08/30/2019, 11.03
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UN: three million civilians at risk in the Russian-Syrian offensive in Idlib

Of these, at least two thirds are women and children. United Nations special envoy says fight against "terrorism" no justificiation for serious danger facing population. A resolution for the ceasefire in the region is under study. Moscow ready to exercise veto. Of 400,000 displaced people, half live outdoors or in makeshift shelters.



Damascus (AsiaNews / Agencies) - The Syrian government's "counter-terrorism" operations carried out with the support Russia in the context of the offensive in Idlib, the last stronghold of jihadists and rebels, can in no way justify the serious danger posed to three million civilians, who risk their lives. This is the alarm launched yesterday by UN special envoy for Syria Geir Pedersen, during a meeting at the UN Security Council in New York.

The diplomat stressed that extremist attacks "must end" but, at the same time, military operations "cannot endanger three million civilians" who must be able to benefit from "protection under humanitarian law". This is why all the activities that cause "deaths and displaced persons" in the context of the population "must cease immediately".

According to United Nations estimates, over 550 civilian deaths and up to 400,000 displaced people have been recorded since the beginning of hostilities in northwest Syria. At least half of the people who have had to leave their homes live in the open air or under trees, in makeshift and inadequate shelters in view of the cold season.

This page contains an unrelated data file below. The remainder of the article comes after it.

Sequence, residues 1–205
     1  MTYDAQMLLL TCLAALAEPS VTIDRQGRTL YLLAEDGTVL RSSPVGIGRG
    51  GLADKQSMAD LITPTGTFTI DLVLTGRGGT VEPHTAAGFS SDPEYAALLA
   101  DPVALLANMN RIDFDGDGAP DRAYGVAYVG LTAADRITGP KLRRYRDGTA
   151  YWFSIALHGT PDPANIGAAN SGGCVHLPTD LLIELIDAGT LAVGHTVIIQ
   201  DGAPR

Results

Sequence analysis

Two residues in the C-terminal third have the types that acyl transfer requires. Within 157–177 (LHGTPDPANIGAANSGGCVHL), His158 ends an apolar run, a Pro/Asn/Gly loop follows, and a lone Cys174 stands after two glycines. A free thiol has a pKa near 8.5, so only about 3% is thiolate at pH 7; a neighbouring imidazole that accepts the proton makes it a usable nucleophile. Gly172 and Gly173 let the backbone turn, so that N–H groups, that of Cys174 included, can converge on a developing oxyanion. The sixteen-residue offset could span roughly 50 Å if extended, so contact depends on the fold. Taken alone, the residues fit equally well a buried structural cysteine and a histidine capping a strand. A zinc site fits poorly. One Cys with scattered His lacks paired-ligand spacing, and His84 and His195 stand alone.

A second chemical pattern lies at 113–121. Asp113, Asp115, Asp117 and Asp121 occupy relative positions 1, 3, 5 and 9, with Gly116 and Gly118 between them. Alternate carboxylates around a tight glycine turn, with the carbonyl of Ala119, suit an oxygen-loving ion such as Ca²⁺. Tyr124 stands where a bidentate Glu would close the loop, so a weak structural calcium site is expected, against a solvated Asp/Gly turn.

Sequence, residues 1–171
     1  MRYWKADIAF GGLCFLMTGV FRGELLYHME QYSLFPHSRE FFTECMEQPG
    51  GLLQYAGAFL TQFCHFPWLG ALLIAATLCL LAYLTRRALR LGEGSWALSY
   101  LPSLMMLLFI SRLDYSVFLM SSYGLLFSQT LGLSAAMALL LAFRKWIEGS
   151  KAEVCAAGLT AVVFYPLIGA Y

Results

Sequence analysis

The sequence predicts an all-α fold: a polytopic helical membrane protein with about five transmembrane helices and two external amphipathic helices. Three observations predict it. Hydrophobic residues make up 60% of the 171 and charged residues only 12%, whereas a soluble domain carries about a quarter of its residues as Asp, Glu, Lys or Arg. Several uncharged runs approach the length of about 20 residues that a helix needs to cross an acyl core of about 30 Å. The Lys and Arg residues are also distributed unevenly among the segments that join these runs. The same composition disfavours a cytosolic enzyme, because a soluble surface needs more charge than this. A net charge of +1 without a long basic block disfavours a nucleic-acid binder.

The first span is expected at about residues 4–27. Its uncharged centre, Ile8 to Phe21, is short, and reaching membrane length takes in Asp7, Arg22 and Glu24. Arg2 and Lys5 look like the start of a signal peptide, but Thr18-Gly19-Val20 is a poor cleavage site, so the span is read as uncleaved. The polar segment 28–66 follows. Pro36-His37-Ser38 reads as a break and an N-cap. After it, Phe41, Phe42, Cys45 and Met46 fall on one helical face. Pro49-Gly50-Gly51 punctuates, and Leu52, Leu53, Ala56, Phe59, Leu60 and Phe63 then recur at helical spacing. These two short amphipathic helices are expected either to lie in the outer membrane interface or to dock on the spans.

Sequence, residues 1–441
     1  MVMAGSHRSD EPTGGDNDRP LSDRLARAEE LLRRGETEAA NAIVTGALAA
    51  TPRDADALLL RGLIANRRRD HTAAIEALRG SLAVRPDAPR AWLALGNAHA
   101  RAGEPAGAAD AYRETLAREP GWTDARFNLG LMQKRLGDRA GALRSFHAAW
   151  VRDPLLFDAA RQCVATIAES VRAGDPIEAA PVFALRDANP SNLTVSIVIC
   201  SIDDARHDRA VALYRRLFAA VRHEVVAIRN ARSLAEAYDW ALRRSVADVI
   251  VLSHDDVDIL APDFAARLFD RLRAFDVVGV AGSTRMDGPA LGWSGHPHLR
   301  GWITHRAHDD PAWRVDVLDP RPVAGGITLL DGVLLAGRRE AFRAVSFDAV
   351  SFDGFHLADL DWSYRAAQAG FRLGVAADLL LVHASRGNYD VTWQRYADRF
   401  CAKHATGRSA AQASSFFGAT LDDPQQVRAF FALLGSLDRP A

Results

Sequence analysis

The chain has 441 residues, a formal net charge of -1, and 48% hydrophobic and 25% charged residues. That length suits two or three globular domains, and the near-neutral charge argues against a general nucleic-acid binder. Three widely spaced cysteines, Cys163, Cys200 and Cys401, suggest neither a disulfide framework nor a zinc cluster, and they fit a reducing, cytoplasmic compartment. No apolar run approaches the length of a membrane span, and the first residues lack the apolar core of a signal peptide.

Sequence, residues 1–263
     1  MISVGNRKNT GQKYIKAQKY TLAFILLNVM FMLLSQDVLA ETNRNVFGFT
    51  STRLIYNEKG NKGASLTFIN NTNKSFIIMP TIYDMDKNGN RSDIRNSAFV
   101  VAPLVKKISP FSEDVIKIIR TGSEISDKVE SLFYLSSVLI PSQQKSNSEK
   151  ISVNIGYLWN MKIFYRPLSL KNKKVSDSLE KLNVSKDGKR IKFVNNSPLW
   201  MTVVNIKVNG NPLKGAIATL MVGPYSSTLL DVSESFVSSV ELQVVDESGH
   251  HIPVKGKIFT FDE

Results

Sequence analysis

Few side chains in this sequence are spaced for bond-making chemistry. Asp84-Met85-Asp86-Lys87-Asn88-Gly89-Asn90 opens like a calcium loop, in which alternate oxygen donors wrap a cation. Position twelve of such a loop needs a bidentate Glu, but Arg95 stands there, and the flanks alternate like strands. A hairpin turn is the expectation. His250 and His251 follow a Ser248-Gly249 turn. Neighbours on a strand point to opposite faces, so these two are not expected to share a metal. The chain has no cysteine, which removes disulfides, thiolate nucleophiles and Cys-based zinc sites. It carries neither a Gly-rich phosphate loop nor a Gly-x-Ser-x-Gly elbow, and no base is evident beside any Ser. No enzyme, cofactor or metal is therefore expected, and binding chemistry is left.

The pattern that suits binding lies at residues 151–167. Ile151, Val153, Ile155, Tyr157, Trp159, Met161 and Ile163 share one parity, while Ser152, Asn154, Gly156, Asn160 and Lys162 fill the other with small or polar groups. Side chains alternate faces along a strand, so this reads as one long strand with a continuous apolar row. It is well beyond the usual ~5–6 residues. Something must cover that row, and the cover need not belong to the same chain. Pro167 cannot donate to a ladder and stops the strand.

On the initiative of Belgium, Kuwait and Germany, the UN Security Council will have to vote - but the date is yet to be set - a resolution requiring the immediate ceasefire in northwest Syria. Thisis coupled with the need to protect all civilian infrastructure, also and above all medical clinics and hospitals. Finally, the text provides for the possibility of humanitarian access without restrictions throughout the national territory.

Moscow, an ally of Damascus on the ground, through its deputy ambassador to the UN, Dmitri Polyanskiy, underlined "the impression" that "whenever there are military initiatives on the ground, there are projects like this" that aim to stop the fight against terrorists and jihadists. The Kremlin reserves the right to study the text thoroughly and exercise a veto right as it has already done dozens of times in the past.

The United Nations Deputy Secretary-General, Mark Lowcock, also spoke on the issue, stressing that the Security Council "can take measures" to "protect civilians and ensure full compliance with international humanitarian law". He then recalled that among the three million civilians under siege and at risk in Idlib province, two-thirds are women and children. "There is no justification," the UN high diplomat concluded, for attacks on hospitals, schools, markets or treatment facilities.

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